Facebook survey asks bizarre questions about child grooming

Facebook survey asks bizarre questions about child grooming

(Disclaimer: This post will be discussing frank topics that may be disturbing to some readers)

Hot on the heels of Facebook trying to solve their foreign meddling problem with postcards, the social network finds itself in the news once again for all the wrong reasons. Over this past weekend, Facebook users in the UK were asked some rather odd and disconcerting questions in a survey about how they thought Facebook should handle certain volatile situations. A couple of those questions asked about the hypothetical grooming of a 14-year-old girl by an online predator.

As The Guardian reports, the questions asked by Facebook were more than tone-deaf and insensitive by the way they were posed. Facebook asked how it should be handled if an adult man asked for sexual pictures of the 14-year-old girl. The responses users could choose from ranged from “this content should not be allowed on Facebook” to “I would not mind seeing it” and “I have no preference on this topic”. None of the responses included any kind of suggested contact with law enforcement. Facebook has come out with one of the understatements of the year by saying the survey was a mistake.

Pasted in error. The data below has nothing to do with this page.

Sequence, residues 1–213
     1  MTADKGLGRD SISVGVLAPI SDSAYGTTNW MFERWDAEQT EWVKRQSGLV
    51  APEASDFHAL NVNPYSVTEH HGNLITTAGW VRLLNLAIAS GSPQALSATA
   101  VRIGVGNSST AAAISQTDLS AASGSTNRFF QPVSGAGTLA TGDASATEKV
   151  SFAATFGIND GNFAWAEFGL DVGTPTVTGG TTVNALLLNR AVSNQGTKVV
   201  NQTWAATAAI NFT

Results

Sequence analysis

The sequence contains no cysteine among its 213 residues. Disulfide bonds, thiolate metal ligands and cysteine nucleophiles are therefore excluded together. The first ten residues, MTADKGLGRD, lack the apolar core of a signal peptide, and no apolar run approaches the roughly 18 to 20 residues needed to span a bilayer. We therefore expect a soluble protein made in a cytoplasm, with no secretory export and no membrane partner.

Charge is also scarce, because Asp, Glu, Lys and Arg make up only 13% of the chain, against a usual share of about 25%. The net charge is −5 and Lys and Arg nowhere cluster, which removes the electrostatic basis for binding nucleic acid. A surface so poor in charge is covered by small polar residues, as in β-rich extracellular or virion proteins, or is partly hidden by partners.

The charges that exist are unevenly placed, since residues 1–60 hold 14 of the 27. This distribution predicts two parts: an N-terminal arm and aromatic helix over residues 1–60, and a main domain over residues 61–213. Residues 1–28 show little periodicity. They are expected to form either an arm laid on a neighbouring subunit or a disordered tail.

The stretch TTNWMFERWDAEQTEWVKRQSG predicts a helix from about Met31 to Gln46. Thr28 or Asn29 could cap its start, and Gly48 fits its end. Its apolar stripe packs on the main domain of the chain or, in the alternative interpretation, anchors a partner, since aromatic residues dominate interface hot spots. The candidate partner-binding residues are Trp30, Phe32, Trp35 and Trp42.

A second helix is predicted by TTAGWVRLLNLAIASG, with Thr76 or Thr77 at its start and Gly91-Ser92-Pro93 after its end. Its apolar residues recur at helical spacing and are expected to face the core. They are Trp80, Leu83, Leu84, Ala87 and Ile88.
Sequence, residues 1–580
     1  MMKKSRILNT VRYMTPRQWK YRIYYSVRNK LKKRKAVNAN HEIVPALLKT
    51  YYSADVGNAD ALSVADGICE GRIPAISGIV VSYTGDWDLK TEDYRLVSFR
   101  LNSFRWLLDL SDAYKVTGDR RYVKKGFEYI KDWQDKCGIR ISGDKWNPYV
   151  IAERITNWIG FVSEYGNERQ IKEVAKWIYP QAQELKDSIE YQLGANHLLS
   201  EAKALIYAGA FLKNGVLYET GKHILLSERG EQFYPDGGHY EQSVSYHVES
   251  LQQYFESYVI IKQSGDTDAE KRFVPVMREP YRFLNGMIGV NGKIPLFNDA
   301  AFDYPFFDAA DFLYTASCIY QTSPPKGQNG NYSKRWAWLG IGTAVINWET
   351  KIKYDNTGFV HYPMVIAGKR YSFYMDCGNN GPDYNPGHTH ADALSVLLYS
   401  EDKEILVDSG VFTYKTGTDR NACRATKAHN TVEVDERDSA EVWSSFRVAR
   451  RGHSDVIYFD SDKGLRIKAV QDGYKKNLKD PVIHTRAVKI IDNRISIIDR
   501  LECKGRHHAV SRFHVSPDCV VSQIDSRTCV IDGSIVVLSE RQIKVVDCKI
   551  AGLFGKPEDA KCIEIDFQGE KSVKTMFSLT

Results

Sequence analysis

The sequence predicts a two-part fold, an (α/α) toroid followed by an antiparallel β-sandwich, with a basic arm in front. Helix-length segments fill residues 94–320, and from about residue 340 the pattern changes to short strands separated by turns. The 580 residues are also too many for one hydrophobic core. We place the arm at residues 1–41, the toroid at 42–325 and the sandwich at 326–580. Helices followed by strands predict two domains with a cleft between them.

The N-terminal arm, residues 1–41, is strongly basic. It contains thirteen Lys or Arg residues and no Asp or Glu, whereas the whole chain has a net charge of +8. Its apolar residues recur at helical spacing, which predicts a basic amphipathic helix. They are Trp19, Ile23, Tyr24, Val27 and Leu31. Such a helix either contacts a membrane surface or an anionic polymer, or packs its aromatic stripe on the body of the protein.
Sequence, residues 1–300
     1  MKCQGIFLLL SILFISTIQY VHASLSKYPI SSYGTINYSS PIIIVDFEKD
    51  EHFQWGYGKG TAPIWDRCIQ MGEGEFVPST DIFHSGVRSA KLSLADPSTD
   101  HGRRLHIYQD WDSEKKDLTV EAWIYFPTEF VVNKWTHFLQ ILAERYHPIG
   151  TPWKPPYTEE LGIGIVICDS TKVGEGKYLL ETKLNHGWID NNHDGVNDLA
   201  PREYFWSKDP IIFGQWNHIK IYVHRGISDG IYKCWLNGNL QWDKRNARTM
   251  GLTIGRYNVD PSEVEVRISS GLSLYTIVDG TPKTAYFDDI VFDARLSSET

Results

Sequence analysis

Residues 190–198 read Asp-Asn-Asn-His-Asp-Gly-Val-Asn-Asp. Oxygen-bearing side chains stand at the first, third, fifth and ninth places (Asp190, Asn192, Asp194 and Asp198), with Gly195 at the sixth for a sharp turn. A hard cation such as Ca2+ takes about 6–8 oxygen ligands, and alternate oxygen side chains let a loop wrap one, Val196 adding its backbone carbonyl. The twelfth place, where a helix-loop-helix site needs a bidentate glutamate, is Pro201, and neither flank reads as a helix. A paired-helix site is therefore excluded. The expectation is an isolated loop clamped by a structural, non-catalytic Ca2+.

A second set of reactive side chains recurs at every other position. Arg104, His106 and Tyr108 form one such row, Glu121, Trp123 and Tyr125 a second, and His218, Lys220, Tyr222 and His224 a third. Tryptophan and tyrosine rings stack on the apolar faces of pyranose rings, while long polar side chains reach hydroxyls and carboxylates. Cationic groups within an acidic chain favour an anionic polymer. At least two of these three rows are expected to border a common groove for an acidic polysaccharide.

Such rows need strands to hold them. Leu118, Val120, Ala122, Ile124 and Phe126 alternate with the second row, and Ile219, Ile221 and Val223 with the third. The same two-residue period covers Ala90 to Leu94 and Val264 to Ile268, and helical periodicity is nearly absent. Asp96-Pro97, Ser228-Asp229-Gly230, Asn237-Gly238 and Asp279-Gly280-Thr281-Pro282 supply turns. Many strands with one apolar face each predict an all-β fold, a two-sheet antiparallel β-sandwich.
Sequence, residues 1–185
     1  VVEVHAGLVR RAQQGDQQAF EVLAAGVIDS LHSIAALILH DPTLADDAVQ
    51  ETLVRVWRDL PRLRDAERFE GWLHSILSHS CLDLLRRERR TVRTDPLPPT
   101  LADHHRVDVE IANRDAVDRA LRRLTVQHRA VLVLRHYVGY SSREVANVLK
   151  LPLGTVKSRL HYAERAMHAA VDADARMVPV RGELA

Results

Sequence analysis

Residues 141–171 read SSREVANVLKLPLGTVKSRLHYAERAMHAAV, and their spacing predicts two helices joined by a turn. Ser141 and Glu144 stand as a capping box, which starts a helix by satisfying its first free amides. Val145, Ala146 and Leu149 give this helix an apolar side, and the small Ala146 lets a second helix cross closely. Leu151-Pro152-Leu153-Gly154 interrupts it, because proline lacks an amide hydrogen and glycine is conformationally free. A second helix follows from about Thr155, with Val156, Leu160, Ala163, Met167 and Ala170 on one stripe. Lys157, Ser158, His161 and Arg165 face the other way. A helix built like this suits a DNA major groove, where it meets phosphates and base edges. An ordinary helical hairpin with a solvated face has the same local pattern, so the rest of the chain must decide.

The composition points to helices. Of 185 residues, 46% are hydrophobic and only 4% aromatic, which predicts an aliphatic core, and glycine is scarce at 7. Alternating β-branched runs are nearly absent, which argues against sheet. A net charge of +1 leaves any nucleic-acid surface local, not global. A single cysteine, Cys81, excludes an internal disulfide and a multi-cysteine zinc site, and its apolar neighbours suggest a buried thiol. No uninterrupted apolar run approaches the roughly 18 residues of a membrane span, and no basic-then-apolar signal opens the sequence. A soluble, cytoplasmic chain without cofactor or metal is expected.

Now do we think that Facebook is gearing up to become some kind of underground network for child predators? No, we do not. Facebook actually has a better record of dealing with online predators than a lot of other social platforms like Kik, Snapchat, and craigslist. However, this shows once again that Facebook is the textbook definition of ‘the right hand doesn’t know what the left hand is doing’. Whether or not this survey was created by an algorithm or by committee, someone along the Facebook chain of command either allowed this survey to pass by them unnoticed or worse yet, approved the survey.

This is yet another example of how Facebook’s sphere of influence has gotten away from them like so many wild horses. For a company that has such a global reach, maybe it’s time for the social giant to be reined in.